In this series of articles, two patients John and Jenny (aliases) will share their personal patient journey with us. We are very thankful for sharing their personal experiences and it sheds some light on the broad spectrum of kidney disease. This part focuses on the post-transplant time after completed surgery focusing on recovery and regular check-ups.
Furthermore, thanks to the contributing experts from our partners for their input for this article: Dr. Marcel Naik (Charité), Aadil Rasheed (HPI), Dr. Mozhgan Bayat (HPI), and Dr. Matthieu-P. Schapranow (HPI). Images by Elf Moondance, Mohamed Hassan.
Recovering after surgery
After the surgery is completed, the patient will wake up in the post-anesthesia care unit. During the short stay, at least two ultrasounds are done within six hours to ensure that the blood supply and connected vessels are working correctly. During the first week after surgery, care focuses on a normal post-surgery recovery, e.g. regular check of the wound healing process. Daily, blood tests including creatinine, proteinuria are performed and nurses measure the patient’s weight, urine output, blood pressure, and temperature to control the recovery process. The majority of transplanted kidneys (approx. 70%) starts working once all vessels are connected. However, some organs with a higher duration outside of the body – a.k.a cold-ischemia time – might encounter some delay in starting their function. If in very rare cases after one week, the kidney does not start to work and produce urine, a kidney biopsy will be conducted to ensure that there was no kidney rejection. In many cases, the underlying reason is not an organ rejection, but an acute tubular necrosis indicating minor damage to the tubule cells of the kidneys, which will heal over time.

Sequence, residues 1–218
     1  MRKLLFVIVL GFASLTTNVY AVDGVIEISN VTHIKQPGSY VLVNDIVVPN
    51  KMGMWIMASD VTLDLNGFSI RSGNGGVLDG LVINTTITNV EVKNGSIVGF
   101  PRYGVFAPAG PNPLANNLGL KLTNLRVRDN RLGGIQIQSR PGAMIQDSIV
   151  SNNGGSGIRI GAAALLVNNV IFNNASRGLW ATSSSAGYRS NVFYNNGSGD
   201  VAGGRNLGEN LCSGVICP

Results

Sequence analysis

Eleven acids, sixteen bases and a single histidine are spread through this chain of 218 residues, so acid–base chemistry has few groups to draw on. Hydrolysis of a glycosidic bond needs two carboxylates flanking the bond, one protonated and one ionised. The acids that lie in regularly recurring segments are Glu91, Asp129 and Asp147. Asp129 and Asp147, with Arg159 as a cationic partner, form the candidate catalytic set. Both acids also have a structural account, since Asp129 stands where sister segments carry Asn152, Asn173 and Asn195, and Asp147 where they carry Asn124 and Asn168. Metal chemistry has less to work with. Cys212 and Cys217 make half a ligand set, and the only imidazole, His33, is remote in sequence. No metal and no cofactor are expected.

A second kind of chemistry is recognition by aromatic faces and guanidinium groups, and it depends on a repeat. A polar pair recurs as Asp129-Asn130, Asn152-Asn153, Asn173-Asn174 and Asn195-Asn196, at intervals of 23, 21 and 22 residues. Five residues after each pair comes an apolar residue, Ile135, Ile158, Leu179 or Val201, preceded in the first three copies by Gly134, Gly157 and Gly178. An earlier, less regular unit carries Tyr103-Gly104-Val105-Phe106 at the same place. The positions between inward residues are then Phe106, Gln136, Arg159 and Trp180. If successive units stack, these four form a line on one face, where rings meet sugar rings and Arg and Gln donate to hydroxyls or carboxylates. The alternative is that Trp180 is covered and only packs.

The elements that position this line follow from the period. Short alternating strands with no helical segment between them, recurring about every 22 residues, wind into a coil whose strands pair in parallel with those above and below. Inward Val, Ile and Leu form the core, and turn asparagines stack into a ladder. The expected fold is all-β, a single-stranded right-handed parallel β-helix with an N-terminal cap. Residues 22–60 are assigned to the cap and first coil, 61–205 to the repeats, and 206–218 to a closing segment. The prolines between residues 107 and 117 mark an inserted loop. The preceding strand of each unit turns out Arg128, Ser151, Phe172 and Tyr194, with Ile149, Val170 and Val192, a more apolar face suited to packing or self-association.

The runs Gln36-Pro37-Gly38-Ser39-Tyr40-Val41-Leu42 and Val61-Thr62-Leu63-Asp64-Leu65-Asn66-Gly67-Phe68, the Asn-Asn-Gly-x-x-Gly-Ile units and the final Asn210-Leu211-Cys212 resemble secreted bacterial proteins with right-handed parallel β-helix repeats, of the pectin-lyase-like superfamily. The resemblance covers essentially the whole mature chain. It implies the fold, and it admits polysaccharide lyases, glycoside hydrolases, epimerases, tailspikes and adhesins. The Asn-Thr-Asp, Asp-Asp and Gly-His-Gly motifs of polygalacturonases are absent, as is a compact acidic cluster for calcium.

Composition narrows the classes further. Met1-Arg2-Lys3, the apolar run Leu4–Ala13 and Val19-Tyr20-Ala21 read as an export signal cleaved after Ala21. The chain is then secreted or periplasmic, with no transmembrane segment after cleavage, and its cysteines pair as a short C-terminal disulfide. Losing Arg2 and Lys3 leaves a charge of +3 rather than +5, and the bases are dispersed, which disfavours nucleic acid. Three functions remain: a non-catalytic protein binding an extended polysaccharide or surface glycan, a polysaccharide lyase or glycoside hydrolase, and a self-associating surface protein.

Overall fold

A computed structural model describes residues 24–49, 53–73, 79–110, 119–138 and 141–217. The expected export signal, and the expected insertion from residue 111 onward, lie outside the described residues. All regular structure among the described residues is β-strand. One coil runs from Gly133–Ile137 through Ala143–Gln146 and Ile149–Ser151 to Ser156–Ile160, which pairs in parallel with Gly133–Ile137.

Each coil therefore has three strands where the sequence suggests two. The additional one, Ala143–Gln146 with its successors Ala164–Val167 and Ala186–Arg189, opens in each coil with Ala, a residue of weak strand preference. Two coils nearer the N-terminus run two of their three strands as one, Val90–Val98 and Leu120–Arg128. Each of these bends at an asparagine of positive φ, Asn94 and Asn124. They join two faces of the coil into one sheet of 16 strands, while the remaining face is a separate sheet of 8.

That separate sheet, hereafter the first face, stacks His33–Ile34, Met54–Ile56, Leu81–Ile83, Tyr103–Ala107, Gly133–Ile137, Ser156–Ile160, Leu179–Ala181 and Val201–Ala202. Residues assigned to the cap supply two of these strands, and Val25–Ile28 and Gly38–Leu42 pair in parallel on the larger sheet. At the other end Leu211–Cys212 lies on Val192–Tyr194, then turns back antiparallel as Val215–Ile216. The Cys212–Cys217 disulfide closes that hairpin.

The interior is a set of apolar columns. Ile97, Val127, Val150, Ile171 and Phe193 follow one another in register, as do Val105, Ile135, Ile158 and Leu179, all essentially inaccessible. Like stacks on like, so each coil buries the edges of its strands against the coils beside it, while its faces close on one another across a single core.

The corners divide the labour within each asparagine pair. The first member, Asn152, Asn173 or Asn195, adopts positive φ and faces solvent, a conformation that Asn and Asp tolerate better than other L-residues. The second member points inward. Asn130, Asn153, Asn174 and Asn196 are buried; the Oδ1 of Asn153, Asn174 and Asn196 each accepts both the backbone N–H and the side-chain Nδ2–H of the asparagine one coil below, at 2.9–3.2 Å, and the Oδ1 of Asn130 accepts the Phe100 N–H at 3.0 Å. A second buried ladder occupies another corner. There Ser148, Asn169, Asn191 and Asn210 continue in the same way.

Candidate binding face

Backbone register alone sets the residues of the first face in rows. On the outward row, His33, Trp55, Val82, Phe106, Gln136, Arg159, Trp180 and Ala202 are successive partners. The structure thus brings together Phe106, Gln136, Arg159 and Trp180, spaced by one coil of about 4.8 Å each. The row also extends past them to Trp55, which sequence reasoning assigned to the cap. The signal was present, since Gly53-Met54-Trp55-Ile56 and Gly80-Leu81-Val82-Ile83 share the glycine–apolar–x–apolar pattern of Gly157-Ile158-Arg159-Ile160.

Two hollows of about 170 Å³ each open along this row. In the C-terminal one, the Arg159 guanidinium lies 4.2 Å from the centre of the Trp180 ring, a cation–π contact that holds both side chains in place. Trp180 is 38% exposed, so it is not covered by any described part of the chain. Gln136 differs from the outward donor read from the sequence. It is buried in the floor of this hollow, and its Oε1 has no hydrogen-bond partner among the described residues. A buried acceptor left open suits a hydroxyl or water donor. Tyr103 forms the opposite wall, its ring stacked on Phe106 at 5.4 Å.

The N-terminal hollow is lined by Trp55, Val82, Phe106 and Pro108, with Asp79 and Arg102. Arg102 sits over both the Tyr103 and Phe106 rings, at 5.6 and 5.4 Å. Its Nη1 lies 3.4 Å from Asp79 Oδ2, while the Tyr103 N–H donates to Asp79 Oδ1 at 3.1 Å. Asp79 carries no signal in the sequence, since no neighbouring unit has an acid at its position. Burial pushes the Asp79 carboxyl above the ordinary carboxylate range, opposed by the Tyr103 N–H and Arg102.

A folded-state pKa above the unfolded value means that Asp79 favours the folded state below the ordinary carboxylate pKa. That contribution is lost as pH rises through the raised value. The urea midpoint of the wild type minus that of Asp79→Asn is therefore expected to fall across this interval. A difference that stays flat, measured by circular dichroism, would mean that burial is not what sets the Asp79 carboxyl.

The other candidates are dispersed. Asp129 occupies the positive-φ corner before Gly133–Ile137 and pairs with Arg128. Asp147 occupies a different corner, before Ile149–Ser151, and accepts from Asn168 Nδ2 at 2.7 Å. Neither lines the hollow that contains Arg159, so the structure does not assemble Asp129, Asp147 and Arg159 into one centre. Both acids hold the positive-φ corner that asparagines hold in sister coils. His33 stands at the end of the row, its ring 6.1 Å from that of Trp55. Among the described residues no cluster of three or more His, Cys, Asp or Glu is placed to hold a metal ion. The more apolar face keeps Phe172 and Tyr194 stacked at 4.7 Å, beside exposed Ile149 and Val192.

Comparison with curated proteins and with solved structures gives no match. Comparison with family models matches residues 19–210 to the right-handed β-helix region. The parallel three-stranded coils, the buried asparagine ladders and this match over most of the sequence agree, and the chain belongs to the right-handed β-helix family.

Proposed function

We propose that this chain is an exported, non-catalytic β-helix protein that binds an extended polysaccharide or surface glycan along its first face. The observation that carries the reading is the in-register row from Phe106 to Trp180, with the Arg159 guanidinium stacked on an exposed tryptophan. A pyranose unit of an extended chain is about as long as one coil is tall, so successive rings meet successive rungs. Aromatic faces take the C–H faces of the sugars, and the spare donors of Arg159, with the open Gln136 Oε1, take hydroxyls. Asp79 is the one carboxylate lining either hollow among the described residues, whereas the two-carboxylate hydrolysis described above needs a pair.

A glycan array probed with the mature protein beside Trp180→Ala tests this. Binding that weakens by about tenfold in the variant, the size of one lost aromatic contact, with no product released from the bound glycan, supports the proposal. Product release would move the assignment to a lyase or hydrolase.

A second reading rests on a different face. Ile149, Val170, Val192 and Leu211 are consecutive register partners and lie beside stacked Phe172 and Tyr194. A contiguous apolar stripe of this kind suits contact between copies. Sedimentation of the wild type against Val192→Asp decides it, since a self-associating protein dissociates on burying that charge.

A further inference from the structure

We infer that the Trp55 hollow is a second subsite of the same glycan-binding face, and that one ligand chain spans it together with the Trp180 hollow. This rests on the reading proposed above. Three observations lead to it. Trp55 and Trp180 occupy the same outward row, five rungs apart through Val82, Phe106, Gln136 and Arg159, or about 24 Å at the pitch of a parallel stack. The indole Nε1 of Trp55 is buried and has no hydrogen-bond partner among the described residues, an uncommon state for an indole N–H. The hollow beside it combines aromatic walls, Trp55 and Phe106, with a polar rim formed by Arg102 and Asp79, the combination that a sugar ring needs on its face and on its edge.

Regular post-transplant check-ups and medication plans
During the first months after discharge from hospital, recipients have to come for weekly follow-up visits in clinics or local nephrologists. The treating nephrologist will prescribe at the beginning of the therapy specific pharmaceuticals, so-called immunosuppression: usually a combination of three different drugs, to reduce any risk for acute rejection. Although the use of immunosuppressants is a very powerful therapy to prevent organ rejection, their use might come with side effects. For example, their use comes with the risk of infections. Therefore, regular urine checks will be conducted to detect eventual infections as early as possible to treat them, e.g. by using adequate antibiotics, antivirals, or antifungals. Further side effects might include diarrhea, weight gain, risk for diabetes, high lipids, hypertension, kidney damage, and fewer white blood cells. Therefore, the treating nephrologist will use them only as short as possible, typically about half a year after surgery. As part of their individual risk prevention, recipients are asked to undergo regular skin cancer screening and abdominal ultrasound both at least once a year and to perform age-specific check-ups, e.g. diabetes, hypertension, or cardiovascular risk factors.